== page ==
2014 will be a transformative year where societal changes alter economic policy and business operations. First a bit of history. Exactly 100 years ago, Henry Ford doubled the wages of his workers to $5 per day. Folklore has it that Ford reasoned that by doubling wages, his workers could then afford to purchase an automobile from Ford and, in turn, spur sales. As a result of this shrewd business move, Ford started an industrial revolution that lead to the formation of today’s middle class. Reality is a bit different. While Ford did increase wages, his real motivation was to stem rampant turnover in his company. Assembling cars was hard, tedious work. Workers were quitting at an alarming rate and Ford believed that doubling wages would increase retention, saving huge costs on recruitment and training, while also increasing productivity. He was right. Some thirty years later, during the height of World War II, business executives faced a similar workforce problem: a scarcity of labor. With most men (yes, most of the workforce was male) conscripted to fight the war, recruiting and retaining employees was difficult. Wages could not be increased as the government capped them. Undeterred, smart executives began to offer employee-sponsored health insurance as an incentive to entice workers to work for them. It worked and 70 years later, employees generally get health insurance from their place of work.
Fast forward to today. Low wage workers, many of whom are immigrants, from WalMart, McDonalds, the hospitality industry and others are protesting over pay, lack of affordable health care and working conditions. While generally not gaining wide spread support, their position is slowly gaining some traction as both an economic and social movement and some politicians in Congress and the state legislatures, primarily in blue states, are beginning to tout the need to increase the minimum wage. But with a divided Congress and state legislatures, their potential success seemed limited until Pope Francis came forward with his Apostolic Exhortation and everyone started to listen.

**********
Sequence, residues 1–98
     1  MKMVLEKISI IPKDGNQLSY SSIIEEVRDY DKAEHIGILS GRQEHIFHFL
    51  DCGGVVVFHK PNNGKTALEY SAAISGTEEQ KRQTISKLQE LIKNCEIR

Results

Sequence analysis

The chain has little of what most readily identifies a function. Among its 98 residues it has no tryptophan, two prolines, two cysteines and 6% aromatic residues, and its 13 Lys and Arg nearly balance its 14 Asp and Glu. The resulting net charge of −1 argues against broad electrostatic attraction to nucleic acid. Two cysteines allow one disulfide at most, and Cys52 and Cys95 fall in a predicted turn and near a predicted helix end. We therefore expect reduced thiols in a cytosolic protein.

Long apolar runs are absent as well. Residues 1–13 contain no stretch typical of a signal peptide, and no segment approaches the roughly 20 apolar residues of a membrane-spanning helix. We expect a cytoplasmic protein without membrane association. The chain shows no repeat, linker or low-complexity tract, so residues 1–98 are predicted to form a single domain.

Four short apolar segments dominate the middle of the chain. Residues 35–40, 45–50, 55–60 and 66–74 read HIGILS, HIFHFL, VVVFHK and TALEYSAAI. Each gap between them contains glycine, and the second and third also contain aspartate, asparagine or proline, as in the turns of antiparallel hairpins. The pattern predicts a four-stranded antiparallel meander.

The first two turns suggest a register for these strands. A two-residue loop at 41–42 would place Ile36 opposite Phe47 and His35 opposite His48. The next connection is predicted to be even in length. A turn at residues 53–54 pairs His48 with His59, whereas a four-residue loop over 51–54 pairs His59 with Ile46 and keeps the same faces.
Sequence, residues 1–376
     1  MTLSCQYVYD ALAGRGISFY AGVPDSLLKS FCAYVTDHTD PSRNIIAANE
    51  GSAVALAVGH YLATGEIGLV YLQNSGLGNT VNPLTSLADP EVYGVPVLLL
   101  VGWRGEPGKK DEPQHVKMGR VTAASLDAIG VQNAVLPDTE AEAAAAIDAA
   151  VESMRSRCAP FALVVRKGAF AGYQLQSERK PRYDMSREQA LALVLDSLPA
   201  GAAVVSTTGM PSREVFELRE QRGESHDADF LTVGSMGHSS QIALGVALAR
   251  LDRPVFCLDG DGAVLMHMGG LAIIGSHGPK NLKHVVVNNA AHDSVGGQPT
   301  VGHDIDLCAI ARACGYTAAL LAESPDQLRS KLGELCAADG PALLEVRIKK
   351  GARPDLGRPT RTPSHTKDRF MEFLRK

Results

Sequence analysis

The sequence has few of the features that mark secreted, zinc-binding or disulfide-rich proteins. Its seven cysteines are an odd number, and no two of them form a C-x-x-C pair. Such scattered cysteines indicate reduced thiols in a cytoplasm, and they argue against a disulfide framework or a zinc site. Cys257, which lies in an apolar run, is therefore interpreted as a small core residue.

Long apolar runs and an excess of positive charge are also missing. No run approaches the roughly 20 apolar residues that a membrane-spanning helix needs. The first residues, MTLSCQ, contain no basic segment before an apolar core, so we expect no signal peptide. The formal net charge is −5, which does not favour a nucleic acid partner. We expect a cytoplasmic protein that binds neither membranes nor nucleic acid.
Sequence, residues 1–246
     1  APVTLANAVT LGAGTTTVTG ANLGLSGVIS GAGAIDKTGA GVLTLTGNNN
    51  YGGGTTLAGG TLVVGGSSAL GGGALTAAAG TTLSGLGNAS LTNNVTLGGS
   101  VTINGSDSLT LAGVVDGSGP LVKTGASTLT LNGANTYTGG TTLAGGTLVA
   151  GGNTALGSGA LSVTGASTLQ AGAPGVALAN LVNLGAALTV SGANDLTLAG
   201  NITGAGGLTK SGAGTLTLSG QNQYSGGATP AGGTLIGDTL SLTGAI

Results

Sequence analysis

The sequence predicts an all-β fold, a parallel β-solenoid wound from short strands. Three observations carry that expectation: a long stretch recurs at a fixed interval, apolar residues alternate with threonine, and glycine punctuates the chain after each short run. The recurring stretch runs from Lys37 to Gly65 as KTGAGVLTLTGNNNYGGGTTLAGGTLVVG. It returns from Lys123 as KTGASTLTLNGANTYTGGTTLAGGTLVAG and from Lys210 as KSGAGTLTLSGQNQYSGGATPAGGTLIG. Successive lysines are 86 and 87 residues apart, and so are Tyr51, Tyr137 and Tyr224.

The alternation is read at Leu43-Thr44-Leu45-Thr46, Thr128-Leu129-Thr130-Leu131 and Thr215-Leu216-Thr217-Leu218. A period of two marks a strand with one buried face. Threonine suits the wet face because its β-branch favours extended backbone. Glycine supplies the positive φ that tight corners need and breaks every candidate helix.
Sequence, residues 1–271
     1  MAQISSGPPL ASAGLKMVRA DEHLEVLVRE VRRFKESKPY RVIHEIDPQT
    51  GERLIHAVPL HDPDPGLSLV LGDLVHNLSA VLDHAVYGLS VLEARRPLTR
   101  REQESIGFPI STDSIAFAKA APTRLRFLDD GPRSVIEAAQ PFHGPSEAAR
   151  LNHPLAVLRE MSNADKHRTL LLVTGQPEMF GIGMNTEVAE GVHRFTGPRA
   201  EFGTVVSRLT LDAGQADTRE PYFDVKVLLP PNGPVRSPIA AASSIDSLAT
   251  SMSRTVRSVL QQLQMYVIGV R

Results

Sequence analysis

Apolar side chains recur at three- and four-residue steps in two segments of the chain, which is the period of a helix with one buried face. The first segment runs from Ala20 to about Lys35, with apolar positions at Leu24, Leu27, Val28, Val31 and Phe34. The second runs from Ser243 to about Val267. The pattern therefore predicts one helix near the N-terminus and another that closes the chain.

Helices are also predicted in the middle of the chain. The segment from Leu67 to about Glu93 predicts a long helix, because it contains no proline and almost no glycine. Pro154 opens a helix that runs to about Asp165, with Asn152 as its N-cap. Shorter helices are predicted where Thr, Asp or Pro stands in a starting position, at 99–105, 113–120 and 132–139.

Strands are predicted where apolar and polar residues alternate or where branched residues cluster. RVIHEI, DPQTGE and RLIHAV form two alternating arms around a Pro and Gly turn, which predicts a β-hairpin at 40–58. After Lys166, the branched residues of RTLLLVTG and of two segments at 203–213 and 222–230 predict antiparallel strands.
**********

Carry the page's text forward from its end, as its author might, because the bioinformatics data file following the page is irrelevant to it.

While one can question the Pope’s expertise when it comes to economic policy, it is hard not to pay attention to his pronouncements on social issues, the plight of workers, and the impact economic policy has had on the poor. This new pope’s focus on people has resonated with many: workers, social activists, politicians, and business leaders, whether Catholic or not. And you must remember, 30% of those serving in Congress are Catholic.
Expect to see the minimum wage to increase in 2014. Immigration reform, which failed in 2013, will get new life in 2014. Both are economic issues that will pass because a social movement has found a new, powerful and influential voice.
Yet if we look back, there was no government policy that forced Henry Ford to raise wages or WWII executives to offer their workers health insurance, only individuals who took control and enacted change to help their companies. In turn, their workers benefited, with economic and social policy transformation following. And here is where there are similarities. As the market continues to heat up in 2014, with the Dow climbing close to 17,000 and unemployment diving to 6.5% or lower, smart executives will act to voluntarily raise wages beyond any government mandated minimum wage. Like executives of the past, they know that to recruit and retain scarce labor (we continue to face a shortage of skilled labor), wages must rise, health insurance must be affordable, and training must be provided. In other words, smart executives know to remain competitive and grow their companies, they must take care of their employees. A healthy vibrant workforce benefits companies, workers and society.
The Pope’s call for “dignified work, education and health care are good things any good Christian ought to help others gain access to,” may be an issue of social justice, but it has always been a front burner issue for enlightened executives. While government has a role, waiting for its leadership on these important issues would be a mistake. The Pope has provided a moral compass. Business leaders will show the way. All employees will benefit. 2014 will be a good year.
What do you think will happen in 2014? I’d like to hear from you. Leave your comments below.